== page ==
Network Working Group                                      L. Dunbar
Internet Draft                                             Futurewei
Intended status: Informational                           B. Sarikaya
Expires: August 21, September 25, 2020                      Denpel Informatique
                                                          T. Herbert
                                                          S. Dikshit
                                                   February 21,
                                                      March 25, 2020

     Virtual Machine Mobility Solutions for L2 and L3 Overlay Networks


   This document describes virtual machine mobility solutions commonly
   used in data centers built with overlay-based network. This document
   is intended for describing the solutions and the impact of moving
   VMs (or applications) from one Rack to another connected by the
   Overlay networks.

   For layer 2, it is based on using an NVA (Network Virtualization
   Authority) - NVE (Network Virtualization Edge) protocol to update
   ARP (Address Resolution Protocol) table or neighbor cache entries
   after a VM (virtual machine) moves from an Old NVE to a New NVE.
   For Layer 3, it is based on address and connection migration after
   the move.

Status of this Memo

   This Internet-Draft is submitted in full conformance with the
   provisions of BCP 78 and BCP 79.

   This Internet-Draft is submitted in full conformance with the
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Table of Contents

   1. Introduction...................................................3
   2. Conventions used in this document..............................4
   3. Requirements...................................................5
   4. Overview of the VM Mobility Solutions..........................6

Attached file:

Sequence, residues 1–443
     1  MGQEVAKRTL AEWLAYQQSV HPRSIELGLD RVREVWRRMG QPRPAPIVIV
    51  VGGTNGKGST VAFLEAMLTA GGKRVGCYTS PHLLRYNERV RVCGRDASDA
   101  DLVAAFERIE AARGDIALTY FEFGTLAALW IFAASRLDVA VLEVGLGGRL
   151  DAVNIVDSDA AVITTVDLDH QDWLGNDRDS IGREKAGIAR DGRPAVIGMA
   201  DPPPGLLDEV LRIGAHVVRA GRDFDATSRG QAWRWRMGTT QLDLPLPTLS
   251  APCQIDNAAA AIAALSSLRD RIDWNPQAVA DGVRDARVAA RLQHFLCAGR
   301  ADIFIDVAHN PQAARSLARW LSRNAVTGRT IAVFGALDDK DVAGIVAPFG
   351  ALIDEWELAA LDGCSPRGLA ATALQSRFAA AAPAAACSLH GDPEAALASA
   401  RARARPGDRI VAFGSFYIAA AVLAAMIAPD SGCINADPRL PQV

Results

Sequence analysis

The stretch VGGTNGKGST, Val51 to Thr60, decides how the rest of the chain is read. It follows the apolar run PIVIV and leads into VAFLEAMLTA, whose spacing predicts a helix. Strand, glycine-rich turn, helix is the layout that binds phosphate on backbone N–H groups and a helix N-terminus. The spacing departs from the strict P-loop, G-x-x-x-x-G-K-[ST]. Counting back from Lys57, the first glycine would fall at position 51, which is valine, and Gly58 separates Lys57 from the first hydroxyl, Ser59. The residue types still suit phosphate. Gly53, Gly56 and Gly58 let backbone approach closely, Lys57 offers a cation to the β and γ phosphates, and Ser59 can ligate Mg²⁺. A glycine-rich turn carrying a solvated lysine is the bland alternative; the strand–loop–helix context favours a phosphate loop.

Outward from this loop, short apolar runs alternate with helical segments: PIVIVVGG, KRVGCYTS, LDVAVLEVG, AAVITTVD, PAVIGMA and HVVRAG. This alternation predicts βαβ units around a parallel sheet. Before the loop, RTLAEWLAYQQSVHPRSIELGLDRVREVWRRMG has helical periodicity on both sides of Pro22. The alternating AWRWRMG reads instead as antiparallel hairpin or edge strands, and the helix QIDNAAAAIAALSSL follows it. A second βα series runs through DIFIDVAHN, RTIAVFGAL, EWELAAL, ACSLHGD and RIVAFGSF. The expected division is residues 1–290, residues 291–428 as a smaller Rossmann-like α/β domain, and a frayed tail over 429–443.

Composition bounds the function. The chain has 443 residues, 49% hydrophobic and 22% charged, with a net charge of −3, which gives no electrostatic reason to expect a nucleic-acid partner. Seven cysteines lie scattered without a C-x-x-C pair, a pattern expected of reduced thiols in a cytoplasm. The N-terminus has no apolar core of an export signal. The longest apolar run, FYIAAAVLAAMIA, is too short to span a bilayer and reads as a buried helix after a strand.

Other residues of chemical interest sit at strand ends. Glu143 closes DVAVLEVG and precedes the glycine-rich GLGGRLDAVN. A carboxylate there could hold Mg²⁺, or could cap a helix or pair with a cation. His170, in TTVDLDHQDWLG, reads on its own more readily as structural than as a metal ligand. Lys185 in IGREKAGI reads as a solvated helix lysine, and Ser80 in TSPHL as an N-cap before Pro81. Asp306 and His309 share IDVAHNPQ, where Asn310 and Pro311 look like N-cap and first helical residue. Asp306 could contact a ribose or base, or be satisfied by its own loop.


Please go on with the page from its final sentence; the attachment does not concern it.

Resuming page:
4.1. VM Migration in Layer 2 Network...........................6
      4.2. Task VM Migration in Layer-3 Network.........................7
         4.2.1. Network...........................8
      4.3. Address and Connection Migration in Task Migration...8 Migration........9
   5. Handling Packets in Flight.....................................9 Flight....................................10
   6. Moving Local State of VM......................................10
   7. Handling of Hot, Warm and Cold VM Mobility....................10 Mobility....................11
   8. Other VM Mobility Options.....................................11
   9. VM Lifecycle Management.......................................11 Management.......................................12
   10. Security Considerations......................................11 Considerations......................................12
   11. IANA Considerations..........................................12
   12. Acknowledgments..............................................12
   13. Change Log...................................................12 Log...................................................13
   14. References...................................................12 References...................................................13
      14.1. Normative References....................................13
      14.2. Informative References..................................14

1. Introduction
     This document describes the overlay-based data center networks
     solutions in supporting multitenancy and VM (Virtual Machine)
     mobility. This document is strictly within the DCVPN, as defined
     by the NVO3 Framework [RFC 7365]. The intent is to describe Layer
     2 and Layer 3 Network behavior when VMs are moved from one NVE to
     another. This document assumes that the VMs move is initiated by
     VM management system, i.e. planed move. How and when to move VM
     are out of the scope of this document. RFC7666 already has the
     description of the MIB for VMs controlled by Hypervisor. The
     impact of VM mobility on higher layer protocols and applications
     is outside its scope.
     Many large DCs (Data Centers), especially Cloud DCs, host tasks